Lind, Johanna Maria
Johanna Maria Lind (6 October 1820 – 2 November 1887), better known as Jenny Lind, was a Swedish opera singer, often known as the "Swedish Nightingale". One of the most highly regarded singers of the 19th century, she performed in soprano roles in opera in Sweden and across Europe, and undertook an extraordinarily popular concert tour of America beginning in 1850.
Autograph Slip Signed, n.d. - 3 1/2 x 1 1/16 signed in blk ink on fine blue old English 'wove' parchment mounted; with a 'Program' Guide for Friday, 05/16/185 performance 'Grand Concert' pp 17, Baker, Godwin & Co., Printers, Tribune Building, opposite the Park, N.Y. Some very rich browning with lovly age-toning seen throughout overall, fine condition.
Lind became famous after her performance in Der Freischütz in Sweden in 1838. Within a few years, she had suffered vocal damage, but the singing teacher Manuel García saved her voice.
She was in great demand in opera roles throughout Sweden and northern Europe during the 1840s, becoming the protégée of Felix Mendelssohn. After two acclaimed seasons in London, she announced her retirement from opera at the age of 29. In 1850,
Lind went to America at the invitation of the showman P. T. Barnum. She gave 93 large-scale concerts for him and then continued to tour under her own management. She earned more than $350,000 from these concerts, donating the proceeds to charities, principally the endowment of free schools in Sweden.
With her new husband, Otto Goldschmidt, she returned to Europe in 1852 where she had three children and gave occasional concerts over the next two decades, settling in England in 1855. From 1882, for some years, she was a professor of singing at the Royal College of Music in London. Among her admirers were Robert Schumann, Hector Berlioz and, most importantly for her, Felix Mendelssohn.
He wrote, "Jenny Lind has fairly enchanted me; she is unique in her way, and her song with two concertante flutes is perhaps the most incredible feat in the way of bravura singing that can possibly be heard". This number, from Meyerbeer's Ein Feldlager in Schlesien (1844; a role written for Lind but not premiered by her), became one of the songs most associated with Lind, and she was called on to sing it wherever she performed in concert.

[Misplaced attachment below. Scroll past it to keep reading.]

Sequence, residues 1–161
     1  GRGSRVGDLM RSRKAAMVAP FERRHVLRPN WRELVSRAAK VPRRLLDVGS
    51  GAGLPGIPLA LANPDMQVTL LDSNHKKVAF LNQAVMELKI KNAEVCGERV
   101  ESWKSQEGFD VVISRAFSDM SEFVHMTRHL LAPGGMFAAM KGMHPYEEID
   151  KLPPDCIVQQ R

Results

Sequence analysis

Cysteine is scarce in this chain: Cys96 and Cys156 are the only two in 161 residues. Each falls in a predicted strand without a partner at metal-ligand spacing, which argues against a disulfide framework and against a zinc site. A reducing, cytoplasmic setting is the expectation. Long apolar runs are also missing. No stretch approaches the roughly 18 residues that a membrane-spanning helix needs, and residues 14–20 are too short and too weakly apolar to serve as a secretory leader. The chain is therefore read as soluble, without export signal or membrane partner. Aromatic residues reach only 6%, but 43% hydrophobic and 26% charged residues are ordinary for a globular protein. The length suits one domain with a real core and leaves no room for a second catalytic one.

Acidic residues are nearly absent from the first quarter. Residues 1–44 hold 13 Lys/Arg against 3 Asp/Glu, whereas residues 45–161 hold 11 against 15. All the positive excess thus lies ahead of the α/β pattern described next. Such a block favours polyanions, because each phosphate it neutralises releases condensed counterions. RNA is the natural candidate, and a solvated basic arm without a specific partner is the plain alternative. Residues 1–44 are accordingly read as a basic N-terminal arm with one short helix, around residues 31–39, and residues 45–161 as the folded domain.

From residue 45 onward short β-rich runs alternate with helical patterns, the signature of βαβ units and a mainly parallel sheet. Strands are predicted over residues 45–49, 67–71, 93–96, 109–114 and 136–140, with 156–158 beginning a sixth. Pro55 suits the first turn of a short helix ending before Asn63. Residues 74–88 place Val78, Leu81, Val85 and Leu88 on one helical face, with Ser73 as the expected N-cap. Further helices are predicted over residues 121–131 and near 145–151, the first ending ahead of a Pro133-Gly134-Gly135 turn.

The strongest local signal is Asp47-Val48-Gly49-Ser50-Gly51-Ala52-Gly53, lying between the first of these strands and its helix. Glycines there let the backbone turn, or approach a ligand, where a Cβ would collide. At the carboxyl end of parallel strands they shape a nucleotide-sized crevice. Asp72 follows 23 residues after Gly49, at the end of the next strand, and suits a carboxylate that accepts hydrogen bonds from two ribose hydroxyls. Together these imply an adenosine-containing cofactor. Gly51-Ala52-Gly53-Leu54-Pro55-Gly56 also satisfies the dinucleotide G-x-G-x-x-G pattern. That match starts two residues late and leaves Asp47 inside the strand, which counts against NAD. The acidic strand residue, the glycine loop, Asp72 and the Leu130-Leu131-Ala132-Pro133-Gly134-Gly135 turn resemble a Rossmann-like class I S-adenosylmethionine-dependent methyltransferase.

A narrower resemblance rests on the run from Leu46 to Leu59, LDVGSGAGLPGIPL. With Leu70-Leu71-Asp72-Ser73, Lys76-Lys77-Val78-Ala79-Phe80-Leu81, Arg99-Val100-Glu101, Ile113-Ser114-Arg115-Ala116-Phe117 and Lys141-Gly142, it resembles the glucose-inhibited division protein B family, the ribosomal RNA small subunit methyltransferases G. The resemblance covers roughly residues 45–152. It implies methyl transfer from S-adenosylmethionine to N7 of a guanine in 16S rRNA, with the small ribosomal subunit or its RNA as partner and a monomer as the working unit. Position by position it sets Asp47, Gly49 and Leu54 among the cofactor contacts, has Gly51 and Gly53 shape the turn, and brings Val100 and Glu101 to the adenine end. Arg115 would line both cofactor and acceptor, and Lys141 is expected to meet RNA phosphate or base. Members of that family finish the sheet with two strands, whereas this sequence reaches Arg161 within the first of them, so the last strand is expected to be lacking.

Her operatic repertoire comprised the title roles in Lucia di Lammermoor, Maria di Rohan, Norma, La sonnambula and La vestale, as well as Susanna in The Marriage of Figaro, Adina in L'elisir d'amore and Alice in Robert le diable. About this time she became known as "the Swedish Nightingale".
In December 1845, the day after her debut at the Leipzig Gewandhaus under the baton of Mendelssohn, she sang without fee for a charity concert in aid of the Orchestra Widows' Fund. Her devotion and generosity to charitable causes remained a key aspect of her career and greatly enhanced her international popularity even among the unmusical.
At the Royal Swedish Opera, Lind had been friends with the tenor Julius Günther. They sang together both in opera and on the concert stage, becoming romantically linked by 1844. Their schedules separated them, however, as Günther remained in Stockholm and then became a student of Garcia's in Paris in 1846–1847.
Reunited after this in Sweden, according to Lind's 1891 Memoir, they became engaged to marry in the spring of 1848 just before Lind returned to England. However, the two broke off the engagement in October of the same year. The existence of the engagement, however, has been disputed.
In 1848, Lind and Frédéric Chopin spent much time together while he was on a prolonged visit to London. As with her relationship with Mendelssohn, there has been some conjecture about a love affair. While there is no conclusive evidence of that, there is no doubt that Chopin admired her greatly, and that his admiration was reciprocated.
Under the name "Jenny Lind-Goldschmidt", she is commemorated in Poets' Corner, Westminster Abbey, London. Among those present at the memorial's unveiling ceremony on 20 April 1894 were Goldschmidt, members of the Royal Family, Sullivan, Sir George Grove and representatives of some of the charities supported by Lind.
There is also a plaque commemorating Lind in The Boltons, Kensington, London and a Blue Plaque at 189 Old Brompton Road, London, SW7, which was erected in 1909. I
n the U.S., Lind is commemorated by street names in Fort Smith, Arkansas; New Bedford, Massachusetts; McKeesport, Pennsylvania; North Easton, Massachusetts; and Stanhope, New Jersey; and in the name of the gold-rush town of Jenny Lind, California. She has been honoured since 1948 by the Barnum Festival, which takes place each June and July in Bridgeport, Connecticut.